Law Enforcement Film Series - Ethics & Emotions                                   
   The New Film Series for Getting Officers Engaged in Discussions about Complex Ethical & Emotional Issues
    
Welcome











The series is based on my original
short film Copper Penny, and the response from trainers has been very positive. While most departments restrict public endorsements by active-duty law enforcement personnel, here are some comments that I have permission to share with you:


"Several of our instructors have used Copper Penny as a catalyst for discussion in their Law Enforcement Issues class. The film has proven to be a particularly engaging tool for exploring not only law enforcement suicide, but a variety of related ethical issues as well. It's an effective - and innovative - tool for instruction."

- Dr. Patricia A. Robinson
Executive Dean - Public Safety, Fox Valley Technical College

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"At just under six minutes in length, it's surprising how richly veined Copper Penny is with possibilities for creative police trainers looking to broach some of the most difficult - and too often ignored - topics facing law enforcement today. Touching on issues of loneliness, depression and police suicide, the stresses of the job on relationships and the souls of the men and women who devote their lives to being societies protectors, personal and professional ethics and how they drive our countless street-level decisions, and their myriad and mostly hidden consequences, Copper Penny is a brilliant platform from which to initiate discussion and change. We admire creative thinkers and the innovative possibilities they bring to police training, and we're excited Jay has taken on this project. We can't wait to see where he takes it from here."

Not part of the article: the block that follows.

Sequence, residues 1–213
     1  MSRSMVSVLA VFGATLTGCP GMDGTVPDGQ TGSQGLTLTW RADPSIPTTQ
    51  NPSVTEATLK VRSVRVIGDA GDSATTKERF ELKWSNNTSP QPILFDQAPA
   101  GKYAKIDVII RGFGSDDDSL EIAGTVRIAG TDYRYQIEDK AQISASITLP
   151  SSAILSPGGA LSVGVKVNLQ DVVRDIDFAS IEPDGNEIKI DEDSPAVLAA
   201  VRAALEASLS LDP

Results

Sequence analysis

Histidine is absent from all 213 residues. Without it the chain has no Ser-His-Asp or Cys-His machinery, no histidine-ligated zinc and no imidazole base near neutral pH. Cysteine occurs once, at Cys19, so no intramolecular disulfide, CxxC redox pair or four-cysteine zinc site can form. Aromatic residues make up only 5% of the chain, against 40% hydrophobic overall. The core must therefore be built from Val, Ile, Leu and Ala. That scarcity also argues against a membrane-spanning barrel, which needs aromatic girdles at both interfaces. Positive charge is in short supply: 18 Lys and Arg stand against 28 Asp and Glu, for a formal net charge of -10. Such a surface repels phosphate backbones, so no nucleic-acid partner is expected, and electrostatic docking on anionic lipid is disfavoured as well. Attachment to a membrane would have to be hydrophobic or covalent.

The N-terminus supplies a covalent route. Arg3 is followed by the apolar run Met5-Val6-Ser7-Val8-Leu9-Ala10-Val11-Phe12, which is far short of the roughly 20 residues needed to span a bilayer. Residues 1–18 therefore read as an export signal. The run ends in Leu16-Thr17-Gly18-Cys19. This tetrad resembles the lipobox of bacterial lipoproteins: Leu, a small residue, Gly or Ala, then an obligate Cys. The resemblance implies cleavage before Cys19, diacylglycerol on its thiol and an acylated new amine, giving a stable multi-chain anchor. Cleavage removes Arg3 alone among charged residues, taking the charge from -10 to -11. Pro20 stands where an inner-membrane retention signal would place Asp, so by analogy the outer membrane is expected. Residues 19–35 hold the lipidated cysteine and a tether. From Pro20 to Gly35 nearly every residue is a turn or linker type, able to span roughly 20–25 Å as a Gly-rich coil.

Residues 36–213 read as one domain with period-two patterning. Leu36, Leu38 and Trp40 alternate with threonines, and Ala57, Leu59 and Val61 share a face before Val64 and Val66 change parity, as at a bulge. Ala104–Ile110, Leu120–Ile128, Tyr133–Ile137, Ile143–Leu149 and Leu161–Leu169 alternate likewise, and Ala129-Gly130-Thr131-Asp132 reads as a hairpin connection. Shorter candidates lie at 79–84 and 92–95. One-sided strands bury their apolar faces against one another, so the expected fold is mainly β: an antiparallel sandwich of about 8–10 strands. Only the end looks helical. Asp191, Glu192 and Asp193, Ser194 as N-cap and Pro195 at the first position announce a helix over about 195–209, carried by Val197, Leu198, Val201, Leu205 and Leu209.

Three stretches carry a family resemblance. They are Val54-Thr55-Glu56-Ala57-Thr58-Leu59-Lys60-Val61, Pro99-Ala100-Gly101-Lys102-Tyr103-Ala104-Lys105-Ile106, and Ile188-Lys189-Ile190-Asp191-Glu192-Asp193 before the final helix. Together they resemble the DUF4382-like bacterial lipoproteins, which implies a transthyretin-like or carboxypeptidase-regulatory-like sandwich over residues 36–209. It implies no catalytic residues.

- Mike Wasilewski and Althea Olson
LE Trainers, writers, and founders of www.morethanacop.com

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"Copper Penny is a ride through raw cop reality. It's got some great jaw-dropping plot twists and characters that you care about, but it's the film's training potential to dynamically engage officers in real police dilemma decision-making that has me so excited as a trainer.. I can't wait for the rest of the series."

- Val Van Brocklin
Law Enforcement Trainer, former state and federal prosecutor

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"I was really impressed with how effective Copper Penny was in dealing with really tough subjects like stress and law enforcement officer suicide in a very short production.. I'm excited about the new series."

- John Marx
Editor in Chief, www.CopsAlive.com

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"Copper Penny's ability to produce an open and engaging dialogue not only initiates what is referred to in the Below 100 Initiative as the "courageous conversation," but it will assist law enforcement population in better understanding their occupational risks, while introducing a foundation for healing to begin."

- Dr. Olivia Johnson
Founder - www.Bluewallofsilence.net